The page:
The Delaware Republican Party on Tuesday filed a lawsuit to stop the state Department of Elections from using mail-in ballots.
“The statute is unconstitutional and unnecessary,” said party chairwoman Jane Brady, a former state attorney general and Superior Court judge.
It’s also being poorly implemented, she said.
Asked about the lawsuit Wednesday during Gov. John Carney’s weekly COVID-19 press conference, Delaware Elections director Anthony Albence said he knew about the suit, but couldn’t comment on the litigation. Gov. John Carney’s office said the governor did not have any additional comment.
The issue of mail-in voting has become partisan. Democrats say it enables everyone to vote, no matter their health. Republicans say it’s fraught with issues that could lead to fraud or deprive someone of their vote, and that it’s unnecessary because people can vote absentee.
The Republicans announced their suit the day after Delaware’s Congressional delegation and Attorney General Kathy Jennings held a press conference about changes in the U.S. Postal Service. Those changes could have affected mail-in voting, in addition to delaying mail that includes checks and medicines.
Jennings announced Delaware was joining other AGs around the country to file suit against the postal service, saying the changes it’s making were depriving people of their right to vote. U.S. Rep. Lisa Blunt Rochester said the U.S. House is returning to work Saturday to vote on a new act that would demand the post office continue to operate as it did in January.
Their press conference was somewhat undermined when U.S. Postmaster General Louis DeJoy issued a press release moments before the press conference started. The release said the post office was committed to making sure mail-in-ballots were handled in a timely manner and that no cost-cutting measures would be implemented until after the election.
The Republican lawsuit filed in the Court of Chancery focuses on House Bill 346, which sailed through the state House and state Senate, both of which are dominated by Democrats. In the Senate, six Republicans voted for it.
The law violates Delaware’s Constitution, which provides that a voter must vote in person or, for limited reasons, by absentee ballot, Brady said.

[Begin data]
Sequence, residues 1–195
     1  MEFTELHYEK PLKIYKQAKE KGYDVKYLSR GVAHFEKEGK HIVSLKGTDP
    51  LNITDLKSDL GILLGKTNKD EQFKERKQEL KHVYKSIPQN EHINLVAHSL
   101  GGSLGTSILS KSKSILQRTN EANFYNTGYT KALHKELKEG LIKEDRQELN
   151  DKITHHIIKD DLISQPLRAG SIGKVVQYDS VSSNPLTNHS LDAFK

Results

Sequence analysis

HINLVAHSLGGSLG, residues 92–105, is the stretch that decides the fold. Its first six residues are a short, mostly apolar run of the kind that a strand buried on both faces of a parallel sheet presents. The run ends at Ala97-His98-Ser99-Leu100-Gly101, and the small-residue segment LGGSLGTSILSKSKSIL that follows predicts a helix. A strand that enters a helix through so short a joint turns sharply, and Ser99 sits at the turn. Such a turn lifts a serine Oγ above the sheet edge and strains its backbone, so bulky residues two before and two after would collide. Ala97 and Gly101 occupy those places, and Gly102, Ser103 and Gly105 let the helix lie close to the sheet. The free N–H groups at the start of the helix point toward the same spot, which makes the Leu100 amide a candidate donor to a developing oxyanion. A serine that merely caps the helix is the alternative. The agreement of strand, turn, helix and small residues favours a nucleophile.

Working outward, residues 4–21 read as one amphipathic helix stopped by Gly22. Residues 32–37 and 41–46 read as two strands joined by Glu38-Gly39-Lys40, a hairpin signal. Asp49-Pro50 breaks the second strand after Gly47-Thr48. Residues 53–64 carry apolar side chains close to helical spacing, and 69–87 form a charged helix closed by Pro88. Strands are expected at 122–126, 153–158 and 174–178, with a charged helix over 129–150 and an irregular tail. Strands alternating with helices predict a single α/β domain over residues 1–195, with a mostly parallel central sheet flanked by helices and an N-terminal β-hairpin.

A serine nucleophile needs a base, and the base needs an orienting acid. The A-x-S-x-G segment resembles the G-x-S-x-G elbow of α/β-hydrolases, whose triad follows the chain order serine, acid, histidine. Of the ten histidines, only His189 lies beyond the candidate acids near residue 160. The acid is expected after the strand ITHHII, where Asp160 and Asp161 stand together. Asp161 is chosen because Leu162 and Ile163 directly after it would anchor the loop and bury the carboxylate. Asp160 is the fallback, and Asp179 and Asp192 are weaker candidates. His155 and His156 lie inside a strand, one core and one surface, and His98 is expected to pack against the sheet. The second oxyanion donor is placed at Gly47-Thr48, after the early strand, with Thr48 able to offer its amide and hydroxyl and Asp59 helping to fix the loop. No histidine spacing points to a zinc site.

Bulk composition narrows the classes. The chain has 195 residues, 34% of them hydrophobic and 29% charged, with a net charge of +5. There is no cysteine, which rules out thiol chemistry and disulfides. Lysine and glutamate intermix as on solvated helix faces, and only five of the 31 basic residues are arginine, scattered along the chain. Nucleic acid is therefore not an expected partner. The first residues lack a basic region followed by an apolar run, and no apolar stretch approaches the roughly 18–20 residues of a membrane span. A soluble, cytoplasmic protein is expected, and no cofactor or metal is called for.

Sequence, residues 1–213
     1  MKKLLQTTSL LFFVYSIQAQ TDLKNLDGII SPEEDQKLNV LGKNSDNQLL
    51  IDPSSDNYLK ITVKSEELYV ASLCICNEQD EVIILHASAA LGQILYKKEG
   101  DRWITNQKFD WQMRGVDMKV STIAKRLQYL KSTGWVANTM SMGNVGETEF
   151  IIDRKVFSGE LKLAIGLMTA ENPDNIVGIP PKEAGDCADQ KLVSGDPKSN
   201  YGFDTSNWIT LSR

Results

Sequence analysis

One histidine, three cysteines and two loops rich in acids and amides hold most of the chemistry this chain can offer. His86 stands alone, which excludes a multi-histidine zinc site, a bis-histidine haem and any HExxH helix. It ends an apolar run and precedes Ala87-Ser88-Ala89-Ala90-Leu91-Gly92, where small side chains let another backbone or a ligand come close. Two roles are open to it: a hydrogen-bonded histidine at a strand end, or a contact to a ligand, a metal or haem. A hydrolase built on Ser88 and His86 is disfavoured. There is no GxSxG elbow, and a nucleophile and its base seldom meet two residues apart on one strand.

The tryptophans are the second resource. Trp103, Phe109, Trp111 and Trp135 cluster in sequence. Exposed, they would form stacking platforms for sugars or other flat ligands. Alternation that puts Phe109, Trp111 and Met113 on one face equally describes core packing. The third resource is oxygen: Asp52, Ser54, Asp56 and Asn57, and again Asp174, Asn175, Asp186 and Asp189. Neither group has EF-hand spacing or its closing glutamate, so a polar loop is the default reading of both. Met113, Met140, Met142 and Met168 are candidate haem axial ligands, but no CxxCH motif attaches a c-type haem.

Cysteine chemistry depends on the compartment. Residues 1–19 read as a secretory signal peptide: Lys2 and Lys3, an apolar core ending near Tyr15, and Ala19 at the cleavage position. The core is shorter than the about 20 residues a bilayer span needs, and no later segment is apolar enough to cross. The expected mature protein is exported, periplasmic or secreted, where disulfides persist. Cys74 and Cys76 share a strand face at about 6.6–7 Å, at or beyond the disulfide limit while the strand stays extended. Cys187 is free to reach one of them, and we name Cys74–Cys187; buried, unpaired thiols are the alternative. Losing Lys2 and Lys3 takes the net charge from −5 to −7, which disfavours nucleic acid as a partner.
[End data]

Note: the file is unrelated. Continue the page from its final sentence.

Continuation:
The state already has sent mail-in ballots out to registered Republicans and Democrats to vote in the Sept. 15 primary. Only registered party members can vote in it. They have been warned to mail their ballots back at least a week before the election day to avoid mail delays.
Anyone worried about their health should vote absentee, Brady said.
“The absentee ballot system in Delaware has been in effect for decades and there have been no instances of fraud or cause for concern about the integrity of any election,” Brady said.
Vote by mail, she said, has a terrible history of fraud in states that use it.
“Delaware need not experience the corruption associated with that fraud,” she said. “Everyone who is entitled to vote should have their vote count equally, not be diluted by fraud.”
She said the Delaware Department of Elections has sent vote by mail applications to individuals who no longer live at the address it’s mailed to.
“Further, a mechanical glitch recently caused people to get an envelope properly addressed to them … that had an application for a ballot with another person’s name already printed on it,” Brady said.
She also said 3,000 voters were disenfranchised in the presidential primary, for which the state mailed absentee ballots to voters.
“Republican and Democrat, if that same percentage of votes is rejected in the general election, there will be many more thousands of voters who thought they voted, but their votes did not count,” Brady said.
Delaware has a history of doing things right, Brady said.
“That includes allowing anyone who has a health concern about voting in person to vote absentee,” she said. “We should continue that tradition and follow the law and the Constitution and eliminate vote by mail.”